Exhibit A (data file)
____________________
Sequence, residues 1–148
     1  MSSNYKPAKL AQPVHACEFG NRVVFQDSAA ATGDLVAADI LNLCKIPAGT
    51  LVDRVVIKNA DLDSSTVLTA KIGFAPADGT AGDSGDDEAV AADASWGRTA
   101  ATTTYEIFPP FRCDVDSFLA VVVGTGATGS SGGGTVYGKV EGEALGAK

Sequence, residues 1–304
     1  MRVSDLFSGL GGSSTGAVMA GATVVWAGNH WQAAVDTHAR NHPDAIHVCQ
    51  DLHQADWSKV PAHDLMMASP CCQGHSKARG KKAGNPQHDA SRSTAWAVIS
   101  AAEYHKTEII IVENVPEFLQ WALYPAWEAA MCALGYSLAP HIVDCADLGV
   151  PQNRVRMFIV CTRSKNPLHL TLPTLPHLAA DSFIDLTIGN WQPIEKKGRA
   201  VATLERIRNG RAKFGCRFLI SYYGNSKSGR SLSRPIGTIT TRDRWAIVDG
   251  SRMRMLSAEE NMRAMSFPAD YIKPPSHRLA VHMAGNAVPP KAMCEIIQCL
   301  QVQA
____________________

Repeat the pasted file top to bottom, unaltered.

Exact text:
Sequence, residues 1–148
     1  MSSNYKPAKL AQPVHACEFG NRVVFQDSAA ATGDLVAADI LNLCKIPAGT
    51  LVDRVVIKNA DLDSSTVLTA KIGFAPADGT AGDSGDDEAV AADASWGRTA
   101  ATTTYEIFPP FRCDVDSFLA VVVGTGATGS SGGGTVYGKV EGEALGAK

Sequence, residues 1–304
     1  MRVSDLFSGL GGSSTGAVMA GATVVWAGNH WQAAVDTHAR NHPDAIHVCQ
    51  DLHQADWSKV PAHDLMMASP CCQGHSKARG KKAGNPQHDA SRSTAWAVIS
   101  AAEYHKTEII IVENVPEFLQ WALYPAWEAA MCALGYSLAP HIVDCADLGV
   151  PQNRVRMFIV CTRSKNPLHL TLPTLPHLAA DSFIDLTIGN WQPIEKKGRA
   201  VATLERIRNG RAKFGCRFLI SYYGNSKSGR SLSRPIGTIT TRDRWAIVDG
   251  SRMRMLSAEE NMRAMSFPAD YIKPPSHRLA VHMAGNAVPP KAMCEIIQCL
   301  QVQA